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I’m okay with that

Posted by on Jan 18, 2012 in Challenges, Creativity, Learning, Spaces | 2 comments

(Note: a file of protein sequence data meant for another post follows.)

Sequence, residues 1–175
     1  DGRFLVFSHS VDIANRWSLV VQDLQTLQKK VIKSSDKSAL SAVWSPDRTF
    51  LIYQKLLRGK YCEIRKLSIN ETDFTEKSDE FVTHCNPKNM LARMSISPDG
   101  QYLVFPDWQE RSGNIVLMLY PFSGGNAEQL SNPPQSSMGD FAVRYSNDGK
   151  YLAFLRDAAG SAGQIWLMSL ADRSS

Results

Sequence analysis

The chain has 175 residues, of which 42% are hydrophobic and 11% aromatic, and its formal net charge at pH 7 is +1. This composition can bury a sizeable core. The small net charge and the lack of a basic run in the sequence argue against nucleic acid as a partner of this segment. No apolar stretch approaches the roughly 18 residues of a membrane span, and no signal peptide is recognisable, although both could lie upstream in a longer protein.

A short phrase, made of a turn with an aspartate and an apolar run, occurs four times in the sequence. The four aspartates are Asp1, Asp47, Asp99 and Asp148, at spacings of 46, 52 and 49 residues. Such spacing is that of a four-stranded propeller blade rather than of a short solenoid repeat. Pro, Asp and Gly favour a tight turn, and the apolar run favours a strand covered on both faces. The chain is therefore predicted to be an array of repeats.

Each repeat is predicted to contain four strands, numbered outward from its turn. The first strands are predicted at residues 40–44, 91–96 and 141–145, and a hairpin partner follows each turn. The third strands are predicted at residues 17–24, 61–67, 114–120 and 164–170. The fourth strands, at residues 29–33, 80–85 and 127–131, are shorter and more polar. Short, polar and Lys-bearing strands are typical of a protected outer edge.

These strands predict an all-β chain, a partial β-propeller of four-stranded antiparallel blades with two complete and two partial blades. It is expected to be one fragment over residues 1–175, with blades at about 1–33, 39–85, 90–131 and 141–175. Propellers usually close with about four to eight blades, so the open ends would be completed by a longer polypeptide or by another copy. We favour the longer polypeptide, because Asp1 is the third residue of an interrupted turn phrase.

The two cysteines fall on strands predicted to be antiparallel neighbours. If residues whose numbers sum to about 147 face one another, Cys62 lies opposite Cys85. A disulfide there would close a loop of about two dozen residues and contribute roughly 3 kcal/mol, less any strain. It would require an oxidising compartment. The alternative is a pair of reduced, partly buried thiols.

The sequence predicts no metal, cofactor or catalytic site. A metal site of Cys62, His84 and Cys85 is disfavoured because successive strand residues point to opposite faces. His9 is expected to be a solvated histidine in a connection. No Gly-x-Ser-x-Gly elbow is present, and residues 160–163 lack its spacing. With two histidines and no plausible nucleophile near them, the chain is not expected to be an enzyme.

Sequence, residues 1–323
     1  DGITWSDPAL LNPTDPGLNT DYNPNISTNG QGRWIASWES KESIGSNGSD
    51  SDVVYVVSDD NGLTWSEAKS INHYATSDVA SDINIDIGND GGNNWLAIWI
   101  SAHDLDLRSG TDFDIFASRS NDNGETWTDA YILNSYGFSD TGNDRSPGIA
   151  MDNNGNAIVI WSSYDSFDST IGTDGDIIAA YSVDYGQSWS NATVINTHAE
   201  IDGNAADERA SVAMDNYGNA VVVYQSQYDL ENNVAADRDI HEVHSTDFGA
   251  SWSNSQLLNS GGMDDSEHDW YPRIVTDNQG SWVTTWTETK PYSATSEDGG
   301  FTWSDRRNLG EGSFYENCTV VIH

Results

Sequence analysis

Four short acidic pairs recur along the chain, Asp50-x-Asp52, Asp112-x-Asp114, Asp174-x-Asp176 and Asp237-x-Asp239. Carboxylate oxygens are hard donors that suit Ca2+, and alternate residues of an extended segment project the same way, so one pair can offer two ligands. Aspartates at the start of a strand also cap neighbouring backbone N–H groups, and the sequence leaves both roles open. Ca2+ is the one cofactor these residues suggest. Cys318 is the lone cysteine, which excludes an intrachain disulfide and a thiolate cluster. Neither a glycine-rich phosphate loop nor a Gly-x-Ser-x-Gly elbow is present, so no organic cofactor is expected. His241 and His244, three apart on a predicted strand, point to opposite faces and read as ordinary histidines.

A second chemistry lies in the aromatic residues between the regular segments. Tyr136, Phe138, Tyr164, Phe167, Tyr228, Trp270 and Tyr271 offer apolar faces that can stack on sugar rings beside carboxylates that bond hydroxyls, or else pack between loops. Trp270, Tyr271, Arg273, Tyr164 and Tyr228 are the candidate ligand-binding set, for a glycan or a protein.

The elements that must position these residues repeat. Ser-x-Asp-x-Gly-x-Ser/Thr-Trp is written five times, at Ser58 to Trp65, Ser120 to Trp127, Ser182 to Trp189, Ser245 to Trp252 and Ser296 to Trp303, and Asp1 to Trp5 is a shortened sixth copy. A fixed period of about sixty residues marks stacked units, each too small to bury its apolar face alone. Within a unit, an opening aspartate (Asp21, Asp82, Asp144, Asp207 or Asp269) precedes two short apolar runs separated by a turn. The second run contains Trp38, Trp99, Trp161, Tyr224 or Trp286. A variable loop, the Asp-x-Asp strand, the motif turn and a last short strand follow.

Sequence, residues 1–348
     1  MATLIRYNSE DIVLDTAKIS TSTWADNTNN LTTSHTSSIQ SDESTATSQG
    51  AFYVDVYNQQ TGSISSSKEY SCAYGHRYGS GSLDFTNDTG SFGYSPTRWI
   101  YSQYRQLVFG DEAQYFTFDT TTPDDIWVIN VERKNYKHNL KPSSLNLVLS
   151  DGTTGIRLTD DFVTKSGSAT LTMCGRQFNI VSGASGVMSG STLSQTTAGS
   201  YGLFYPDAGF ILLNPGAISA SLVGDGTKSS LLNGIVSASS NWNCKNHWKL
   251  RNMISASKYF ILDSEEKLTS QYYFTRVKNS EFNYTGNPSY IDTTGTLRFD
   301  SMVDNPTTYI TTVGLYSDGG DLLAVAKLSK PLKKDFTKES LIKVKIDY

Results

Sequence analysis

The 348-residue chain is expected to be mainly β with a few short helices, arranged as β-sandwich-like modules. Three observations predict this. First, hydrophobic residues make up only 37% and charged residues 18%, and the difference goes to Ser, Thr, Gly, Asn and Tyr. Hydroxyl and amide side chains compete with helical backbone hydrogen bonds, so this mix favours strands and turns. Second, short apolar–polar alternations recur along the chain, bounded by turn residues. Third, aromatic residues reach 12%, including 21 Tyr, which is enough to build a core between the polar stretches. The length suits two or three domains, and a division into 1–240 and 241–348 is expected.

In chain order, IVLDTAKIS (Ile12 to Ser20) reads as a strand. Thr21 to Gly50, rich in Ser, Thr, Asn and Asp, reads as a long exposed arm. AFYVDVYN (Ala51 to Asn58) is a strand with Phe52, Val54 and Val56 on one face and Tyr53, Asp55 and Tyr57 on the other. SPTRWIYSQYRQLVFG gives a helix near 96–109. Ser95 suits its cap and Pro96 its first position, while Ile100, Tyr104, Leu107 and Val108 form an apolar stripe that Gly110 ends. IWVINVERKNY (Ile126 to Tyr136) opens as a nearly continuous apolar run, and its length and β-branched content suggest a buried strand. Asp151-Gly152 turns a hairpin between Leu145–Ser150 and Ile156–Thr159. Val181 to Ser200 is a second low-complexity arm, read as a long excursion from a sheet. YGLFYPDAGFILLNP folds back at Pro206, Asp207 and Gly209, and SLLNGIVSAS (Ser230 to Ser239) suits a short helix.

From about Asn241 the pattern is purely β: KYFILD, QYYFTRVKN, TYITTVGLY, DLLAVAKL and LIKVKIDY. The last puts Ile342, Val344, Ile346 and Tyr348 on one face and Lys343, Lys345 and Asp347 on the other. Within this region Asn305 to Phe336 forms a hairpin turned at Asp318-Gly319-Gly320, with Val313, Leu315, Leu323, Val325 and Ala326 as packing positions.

My Christmas gift to myself was to redecorate my bedroom. I wanted paint, carpet, trim, the whole shebang. I used this project as a guinea pig to test new processes to break a task down into action steps. It felt overwhelming as a whole. When I’m overwhelmed I take no action. So I created a storyboard and the visual steps felt extremely foreign to me but were particularly helpful: Here’s what I needed to learn again. Patience. Process. I set aside my vacation week between Christmas and New Year’s Day. We took our time and did tackled one portion a day. The first time we painted it was with a base coat Jeff had surprised me with, a soft lavender color which he thought I would love. Is there another color besides purple? When we finished Brin stood back and said, Momma it looks like a Unicorn puked in here. Sadly I agreed. It was the perfect color for a bedroom for a four year old princess. Back to Lowe’s for more paint.I was okay with that. I agonized over shades of purple so long and completely that Jeff was able to make his escape to another part of the store without me stopping him. Once I was alone I put all the paint chips named purple mist and grapesicle back in their little slots. I took a deep breath closed my eyes and felt the feeling I wanted when I opened my eyes in bed in the morning. I started picking color brochures of landscapes: the ocean, the mountains, the forest, and then…canyons. That was the feeling—the sun illuminating the oranges and yellows in the canyon wall. Who knew? Huh. No purple? I was okay with that. The green is called Willow Tree but as we slathered it on the bookcase it looked more and more like baby poop. So it’s a doo over—and I’m okay with that. I couldn’t be more surprised by my attitude towards the completion of this long overdue project. I’m in tune with the process and have faith I will find the ideal hue for the bookcase and have not bemoaned the expense of the baby poop paint as a waste. It was an investment in discovering what worked for me and what didn’t. Now I know. And I’m okay with that. Have I suddenly evolved into a patient-in-the-moment person instead of the impatient, controlling, I-must-get-finished-so-I-can-be-happy person I used to be? Huh. What happened? I made a decision. I chose to immerse myself in process and be present instead of getting to done.  The walls and ceiling are painted, the trim is stained but not yet installed, the carpet has been laid, there is only a bed and a nightstand in the room, there’s no curtain on the window ( I tack up a piece of material at night), it still smells faintly of paint. The room is in transition and I am along for the ride. I’m okay with...